Home > Research > Publications & Outputs > Reframing power relationships in higher education:

Electronic data

  • 2019symondsphd

    Final published version, 2.73 MB, PDF document

    Available under license: CC BY-NC-ND: Creative Commons Attribution-NonCommercial-NoDerivatives 4.0 International License

Text available via DOI:

View graph of relations

Reframing power relationships in higher education: an integrated understanding of conflicting power relationships and undergraduate subjectivities in the current university climate

Research output: ThesisDoctoral Thesis

Published

Standard

Harvard

APA

Vancouver

Author

Bibtex

@phdthesis{d59e48a96cf8430c9775897b4d9b823a,
title = "Reframing power relationships in higher education:: an integrated understanding of conflicting power relationships and undergraduate subjectivities in the current university climate",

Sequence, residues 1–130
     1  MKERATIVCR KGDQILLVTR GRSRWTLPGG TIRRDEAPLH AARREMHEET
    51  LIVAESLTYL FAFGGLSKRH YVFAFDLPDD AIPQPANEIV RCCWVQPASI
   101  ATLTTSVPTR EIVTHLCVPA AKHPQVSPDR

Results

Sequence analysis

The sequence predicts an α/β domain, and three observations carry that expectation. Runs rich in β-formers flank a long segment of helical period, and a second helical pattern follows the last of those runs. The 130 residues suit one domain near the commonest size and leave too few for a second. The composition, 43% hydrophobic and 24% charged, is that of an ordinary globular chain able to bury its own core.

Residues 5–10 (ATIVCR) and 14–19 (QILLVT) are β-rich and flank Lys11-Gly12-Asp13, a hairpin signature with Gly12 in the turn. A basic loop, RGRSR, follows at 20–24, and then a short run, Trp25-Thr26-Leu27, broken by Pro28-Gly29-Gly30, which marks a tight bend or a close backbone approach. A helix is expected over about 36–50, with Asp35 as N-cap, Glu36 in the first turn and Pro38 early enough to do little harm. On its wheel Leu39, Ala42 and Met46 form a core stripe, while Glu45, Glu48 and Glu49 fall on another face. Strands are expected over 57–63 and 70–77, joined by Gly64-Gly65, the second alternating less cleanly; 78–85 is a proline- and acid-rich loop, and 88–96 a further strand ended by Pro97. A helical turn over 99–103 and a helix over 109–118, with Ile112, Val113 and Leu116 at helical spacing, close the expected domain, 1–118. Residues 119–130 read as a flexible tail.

abstract = "This thesis explores the transforming power relationship between undergraduates and academics, through an elaboration of three conflicting subjectivities pertinent to the current university climate: the traditional learner, the partner, and the consumer. It questions the current research on power relationships within higher education whereby the dynamic is either takenas given or acknowledged without proper consideration. As such, the formation of power relationships, which allows their perpetuation, remains unexplored and thus, misunderstood. Equally, this thesis takes issue with the current research on student subjectivities within higher education where subject positions are often explored in isolation. As a consequence, the relationship between the most pervasive positions remains unexplored and the resulting conflict and discord that arises remains obscured.This thesis advocates a different approach to understanding power relationships and subjectivities within universities, one which seeks to unveil the hidden mechanisms that constitute the positioning of undergraduates and the resulting power relationships. The theoretical framework draws from systemic and constitutive conceptions of power, which provides a dialectical conceptualisation of structure and agency. Methodologically, the thesis is grounded in critical realism and draws data from two case study universities. Analytically, the thesis uses Fairclough{\textquoteright}s three-dimensional model of Critical Discourse Analysis to explore undergraduate subjectivities and power relationships at the macro and micro levels of universities. This thesis offers an integrated understanding of the transforming power relationship, through an elaboration of conflicting subject positionings within universities. The findings of this study reveal that what was once considered a stable power dynamic between two established social roles is now under negotiation. It is being transformed through conflicting behaviours introduced through different subject positionings, which creates confusion for undergraduates regarding appropriate behaviour within universities. ",